Source: JL / The Pharmaceutical Journal
I cannot attribute my change in practice to just one person. I am changed a little every time I see a patient. I have seen hundreds of people over the years and I reflect after every appointment.
Thank you to the woman who felt safe enough to cry throughout our one-hour appointment. You taught me that sometimes I cannot fix, only listen.
Thank you to the man who trusted me to reduce his medication, despite his severe anxiety and depression. You taught me that small gains are worthy of celebrating together.
Thank you to the person who refused to decrease her diazepam and then sent me a thank you card for listening to her and not taking it away. You taught me that there is more than one right answer.
Thank you to the person who admitted to throwing her prescription away because she feared what would happen if she took it. You taught me what I need to do to allow difficult truths to be spoken.
Thank you to the man who spoke about his medication-related sexual dysfunction openly. You taught me how to welcome vulnerable conversations.
Thank you to the woman who agreed to reduce her medication so that she can feel her own emotion for the first time in years. It has taken us two years to get here and despite being afraid of the next step you keep asking to see me. You have taught me courage.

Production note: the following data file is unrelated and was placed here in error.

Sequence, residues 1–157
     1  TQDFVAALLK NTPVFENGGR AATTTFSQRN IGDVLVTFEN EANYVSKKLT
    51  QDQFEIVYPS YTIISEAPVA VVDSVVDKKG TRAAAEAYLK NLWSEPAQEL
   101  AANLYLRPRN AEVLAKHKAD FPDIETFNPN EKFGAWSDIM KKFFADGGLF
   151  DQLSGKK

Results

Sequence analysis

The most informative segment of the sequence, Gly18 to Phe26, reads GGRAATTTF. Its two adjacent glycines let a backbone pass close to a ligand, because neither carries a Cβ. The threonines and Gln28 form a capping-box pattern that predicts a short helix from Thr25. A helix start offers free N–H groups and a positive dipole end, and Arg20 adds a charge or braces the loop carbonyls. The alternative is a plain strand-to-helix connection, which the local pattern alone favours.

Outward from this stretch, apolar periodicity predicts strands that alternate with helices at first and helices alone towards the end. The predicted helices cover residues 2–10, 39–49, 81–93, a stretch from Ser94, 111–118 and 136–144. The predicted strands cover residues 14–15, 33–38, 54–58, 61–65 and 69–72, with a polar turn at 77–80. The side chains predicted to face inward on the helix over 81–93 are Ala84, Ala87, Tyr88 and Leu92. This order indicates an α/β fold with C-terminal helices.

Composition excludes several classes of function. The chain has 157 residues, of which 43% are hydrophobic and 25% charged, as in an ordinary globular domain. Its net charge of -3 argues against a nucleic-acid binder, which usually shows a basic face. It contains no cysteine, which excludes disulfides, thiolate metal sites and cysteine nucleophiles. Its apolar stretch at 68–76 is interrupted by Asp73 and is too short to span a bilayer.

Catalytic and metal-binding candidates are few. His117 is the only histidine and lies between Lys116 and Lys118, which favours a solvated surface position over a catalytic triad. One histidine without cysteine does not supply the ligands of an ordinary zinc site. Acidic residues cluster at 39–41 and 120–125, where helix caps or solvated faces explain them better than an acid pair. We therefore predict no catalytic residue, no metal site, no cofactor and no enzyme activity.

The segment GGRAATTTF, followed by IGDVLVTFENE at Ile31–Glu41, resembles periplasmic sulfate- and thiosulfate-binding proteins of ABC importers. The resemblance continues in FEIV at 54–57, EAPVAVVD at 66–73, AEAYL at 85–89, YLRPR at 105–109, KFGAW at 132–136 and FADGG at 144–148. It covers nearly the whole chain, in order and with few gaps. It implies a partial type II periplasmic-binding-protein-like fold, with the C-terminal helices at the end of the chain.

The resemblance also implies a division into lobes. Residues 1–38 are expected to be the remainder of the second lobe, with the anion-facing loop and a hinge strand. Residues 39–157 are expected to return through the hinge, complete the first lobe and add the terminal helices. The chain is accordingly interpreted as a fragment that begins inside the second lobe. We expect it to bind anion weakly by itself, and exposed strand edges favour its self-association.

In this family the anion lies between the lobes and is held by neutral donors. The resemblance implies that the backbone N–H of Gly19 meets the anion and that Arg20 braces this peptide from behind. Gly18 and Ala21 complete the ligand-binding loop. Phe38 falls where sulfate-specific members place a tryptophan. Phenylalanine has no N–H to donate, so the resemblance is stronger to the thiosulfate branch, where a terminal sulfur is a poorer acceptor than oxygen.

Thank you to the person who has had severe sensitivities to most antipsychotics, yet believes in me to help switch her to a different one with less weight gain. You taught me the power of true collaboration.
The people who I see in my consultations are my true teachers. They have taught me how to listen with true empathy, how I cannot fix everything or sometimes anything, and how I need not be an expert, but simply be another human. They have taught me how I can allow them to be honest about their medicines with me — sometimes for the first time — without judgement, without coercion, and without a lecture. Each and every person I see influences my practice, and I thank them for their wisdom and their humanity.
Nana Tomova, lead mental health pharmacist, Sussex Partnership NHS Foundation Trust
Nana’s piece placed third in the pharmacist category of our 2019 writing competition ‘The Patient Who Changed My Practice’. Read more entries here.